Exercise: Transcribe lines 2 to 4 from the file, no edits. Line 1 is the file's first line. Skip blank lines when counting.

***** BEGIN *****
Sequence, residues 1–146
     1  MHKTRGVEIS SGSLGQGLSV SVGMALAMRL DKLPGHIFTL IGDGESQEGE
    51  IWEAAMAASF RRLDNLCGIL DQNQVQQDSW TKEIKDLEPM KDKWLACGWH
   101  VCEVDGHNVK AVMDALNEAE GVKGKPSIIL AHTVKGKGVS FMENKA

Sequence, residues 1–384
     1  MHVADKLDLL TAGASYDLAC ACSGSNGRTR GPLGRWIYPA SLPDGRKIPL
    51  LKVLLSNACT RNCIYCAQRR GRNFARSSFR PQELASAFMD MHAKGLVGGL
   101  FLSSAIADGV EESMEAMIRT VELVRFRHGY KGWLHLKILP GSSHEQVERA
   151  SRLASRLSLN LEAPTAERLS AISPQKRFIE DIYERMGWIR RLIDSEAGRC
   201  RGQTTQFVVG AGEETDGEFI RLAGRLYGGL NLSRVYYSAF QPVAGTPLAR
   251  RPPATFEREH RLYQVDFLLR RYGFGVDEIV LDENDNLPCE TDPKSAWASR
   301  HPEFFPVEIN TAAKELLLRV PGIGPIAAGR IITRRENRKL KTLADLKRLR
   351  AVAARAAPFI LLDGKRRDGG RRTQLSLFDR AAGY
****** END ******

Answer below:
     1  MHKTRGVEIS SGSLGQGLSV SVGMALAMRL DKLPGHIFTL IGDGESQEGE
    51  IWEAAMAASF RRLDNLCGIL DQNQVQQDSW TKEIKDLEPM KDKWLACGWH
   101  VCEVDGHNVK AVMDALNEAE GVKGKPSIIL AHTVKGKGVS FMENKA